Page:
15-year-old Khaya Njumbe set to make history as youngest college graduate in Indiana

BY Preta Peace Namasaba May 8, 2024 8:52 AM EDT
Khaya Njumbe. Photo credit: Indiana University Northwest

At only 15 years old, Khaya Njumbe is set to make history as the youngest-known college graduate in Indiana. He has taught himself how to speak Chinese, play the piano, and the periodic table, and will soon graduate from Indiana University Northwest with a bachelor’s degree in general studies. The wunderkind has already earned three associate degrees in biology, liberal arts, and general studies from Ivy Tech.

“I guess a lot of people would think that I’m surprised, didn’t think I was going to be able to do this. It’s pretty normal for me now because as far back as I can remember, that’s all I’ve known,” Njumbe said about his historic education journey.

Njumbe’s noticed his exceptional abilities at a young age. He was reciting words flashing on the screen from the Your Child Can Read! DVDs at just 13 months old. His parents used flashcards, and different images, and even created their flashcards to test him and he was still able to recite the words. “Isn’t it funny, Mommy, that ‘exit’ has an ‘X’? You would think it’s supposed to be a ‘Z.’,” Njumbe told his mother at two years old.

For a few years, Njumbe was homeschooled by his mother. He consequently engaged with advanced learning materials and was able to blaze through entire grade levels in a few months. It was challenging to find the right fit when Njumbe was ready for school. He was either too advanced or too young to be in a class and teachers struggled to figure out what grade he belonged in. He moved from school to school because he was not used to structure and had already taught himself most subjects.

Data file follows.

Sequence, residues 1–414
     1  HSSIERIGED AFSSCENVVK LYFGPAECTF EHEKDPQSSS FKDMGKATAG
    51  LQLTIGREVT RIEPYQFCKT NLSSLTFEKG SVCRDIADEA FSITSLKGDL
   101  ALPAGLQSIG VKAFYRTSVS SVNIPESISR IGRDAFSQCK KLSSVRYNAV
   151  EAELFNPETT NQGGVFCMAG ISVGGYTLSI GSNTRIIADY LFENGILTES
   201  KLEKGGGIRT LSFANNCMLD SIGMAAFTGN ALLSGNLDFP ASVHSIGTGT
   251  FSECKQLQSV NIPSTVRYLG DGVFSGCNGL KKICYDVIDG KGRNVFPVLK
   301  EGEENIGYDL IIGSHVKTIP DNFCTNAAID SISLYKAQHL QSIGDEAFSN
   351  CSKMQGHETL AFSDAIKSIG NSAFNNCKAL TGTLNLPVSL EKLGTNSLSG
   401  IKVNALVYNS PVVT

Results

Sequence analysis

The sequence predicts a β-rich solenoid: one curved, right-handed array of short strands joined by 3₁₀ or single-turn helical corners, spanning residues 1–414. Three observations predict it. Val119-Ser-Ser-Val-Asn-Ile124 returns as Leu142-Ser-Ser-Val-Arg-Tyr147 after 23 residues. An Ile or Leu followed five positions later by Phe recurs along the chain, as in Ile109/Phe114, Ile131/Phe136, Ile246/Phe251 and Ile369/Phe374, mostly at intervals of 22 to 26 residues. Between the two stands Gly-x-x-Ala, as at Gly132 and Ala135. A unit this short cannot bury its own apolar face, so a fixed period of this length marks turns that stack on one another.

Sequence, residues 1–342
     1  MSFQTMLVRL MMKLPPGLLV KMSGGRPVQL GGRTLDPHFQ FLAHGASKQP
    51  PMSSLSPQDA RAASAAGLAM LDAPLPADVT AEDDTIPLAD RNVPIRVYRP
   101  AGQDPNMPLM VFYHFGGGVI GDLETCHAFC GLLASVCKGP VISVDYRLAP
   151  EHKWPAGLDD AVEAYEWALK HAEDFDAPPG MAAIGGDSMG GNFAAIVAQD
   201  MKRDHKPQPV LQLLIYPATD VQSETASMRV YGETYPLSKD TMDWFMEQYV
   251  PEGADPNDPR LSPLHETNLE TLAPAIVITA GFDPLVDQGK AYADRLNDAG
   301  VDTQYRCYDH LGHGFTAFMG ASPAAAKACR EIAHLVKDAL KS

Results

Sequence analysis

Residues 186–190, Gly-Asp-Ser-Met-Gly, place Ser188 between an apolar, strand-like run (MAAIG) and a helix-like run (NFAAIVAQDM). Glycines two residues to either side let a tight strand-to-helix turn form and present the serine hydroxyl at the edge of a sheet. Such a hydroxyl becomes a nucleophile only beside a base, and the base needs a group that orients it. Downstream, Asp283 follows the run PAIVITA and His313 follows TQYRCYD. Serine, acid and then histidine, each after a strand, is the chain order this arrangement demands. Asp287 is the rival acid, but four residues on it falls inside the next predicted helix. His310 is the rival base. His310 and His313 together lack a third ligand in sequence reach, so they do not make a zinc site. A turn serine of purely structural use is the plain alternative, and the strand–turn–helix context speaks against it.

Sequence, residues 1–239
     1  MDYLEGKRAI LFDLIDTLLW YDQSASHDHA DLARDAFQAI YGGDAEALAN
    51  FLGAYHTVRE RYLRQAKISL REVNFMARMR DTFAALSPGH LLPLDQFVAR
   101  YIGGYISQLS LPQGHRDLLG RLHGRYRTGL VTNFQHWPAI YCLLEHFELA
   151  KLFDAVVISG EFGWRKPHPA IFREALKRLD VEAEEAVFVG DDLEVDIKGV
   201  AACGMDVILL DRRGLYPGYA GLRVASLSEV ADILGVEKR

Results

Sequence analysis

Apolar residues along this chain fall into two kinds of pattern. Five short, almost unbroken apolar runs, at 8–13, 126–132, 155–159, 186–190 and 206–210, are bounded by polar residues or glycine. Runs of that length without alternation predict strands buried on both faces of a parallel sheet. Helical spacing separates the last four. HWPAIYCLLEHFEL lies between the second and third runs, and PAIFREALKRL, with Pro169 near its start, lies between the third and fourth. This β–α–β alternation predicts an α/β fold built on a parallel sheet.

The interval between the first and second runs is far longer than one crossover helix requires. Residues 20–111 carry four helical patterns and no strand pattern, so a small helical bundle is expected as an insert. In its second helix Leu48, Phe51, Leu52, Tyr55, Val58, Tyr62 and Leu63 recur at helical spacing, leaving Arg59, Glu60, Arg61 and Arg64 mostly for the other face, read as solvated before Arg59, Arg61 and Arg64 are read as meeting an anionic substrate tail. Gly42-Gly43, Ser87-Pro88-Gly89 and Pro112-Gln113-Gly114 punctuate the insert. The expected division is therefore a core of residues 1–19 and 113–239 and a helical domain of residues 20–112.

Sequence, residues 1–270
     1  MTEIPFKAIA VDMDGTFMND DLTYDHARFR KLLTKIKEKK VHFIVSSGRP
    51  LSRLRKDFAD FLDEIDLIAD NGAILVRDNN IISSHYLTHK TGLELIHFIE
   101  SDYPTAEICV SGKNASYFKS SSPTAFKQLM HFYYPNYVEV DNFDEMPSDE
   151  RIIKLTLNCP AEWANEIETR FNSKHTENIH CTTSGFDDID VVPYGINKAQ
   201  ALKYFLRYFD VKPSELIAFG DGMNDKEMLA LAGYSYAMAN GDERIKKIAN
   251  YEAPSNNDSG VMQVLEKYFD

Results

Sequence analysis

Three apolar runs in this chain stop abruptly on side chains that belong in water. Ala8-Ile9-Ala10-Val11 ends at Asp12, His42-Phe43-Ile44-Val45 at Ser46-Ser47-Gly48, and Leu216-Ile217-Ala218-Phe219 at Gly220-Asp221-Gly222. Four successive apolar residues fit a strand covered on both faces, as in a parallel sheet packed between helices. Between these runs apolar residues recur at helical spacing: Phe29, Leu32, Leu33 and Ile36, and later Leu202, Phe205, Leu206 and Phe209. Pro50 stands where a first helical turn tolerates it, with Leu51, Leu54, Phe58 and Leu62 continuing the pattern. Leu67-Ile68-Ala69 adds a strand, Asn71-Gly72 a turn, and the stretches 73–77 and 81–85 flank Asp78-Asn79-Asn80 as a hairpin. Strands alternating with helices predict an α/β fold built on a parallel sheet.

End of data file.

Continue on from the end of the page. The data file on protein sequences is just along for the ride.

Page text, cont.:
“I thought it was fun. I would just watch YouTube videos and then YouTube would recommend more educational content and I would just keep clicking to the next video, from video to video. And I would just remember it,” Njumbe explained how learning came easily to him.

His first school setting was a reading program at IU Northwest which ignited his interest in attending the university. During the search for the appropriate institution, Njumbe ended up in an all-Chinese school where he taught himself the language. He eventually enrolled in a charter school that challenged his abilities and allowed him to gain new knowledge. Within a year, he jumped several grade levels and began taking classes at Ivy Tech Community College.

When he was 12 Njumbe began studying at IU Northwest via online and in-person classes. Being the youngest on campus came with its fair share of challenges. Njumbe was accused of having a fake school ID and mistook it for a professor’s grandson while taking notes in a class. The first generation of his family born in the U.S. and the first to graduate college, his graduation is set to be a history-making moment.

Njumbe intends to find a master’s program as he prepares for medical school. His lifelong goal is to work in biomedical engineering and if all goes to plan, he will have finished medical school by the time he’s 22 years old.

“Right now I’m looking for graduate schools because I can’t enroll in medical school due to labor laws and all that since I’m still under 18,” Njumbe said of his current plans.